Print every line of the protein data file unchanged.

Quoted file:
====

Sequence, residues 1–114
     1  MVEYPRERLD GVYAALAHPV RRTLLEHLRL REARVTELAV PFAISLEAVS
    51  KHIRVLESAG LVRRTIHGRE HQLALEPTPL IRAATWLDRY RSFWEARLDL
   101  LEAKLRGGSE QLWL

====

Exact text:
Sequence, residues 1–114
     1  MVEYPRERLD GVYAALAHPV RRTLLEHLRL REARVTELAV PFAISLEAVS
    51  KHIRVLESAG LVRRTIHGRE HQLALEPTPL IRAATWLDRY RSFWEARLDL
   101  LEAKLRGGSE QLWL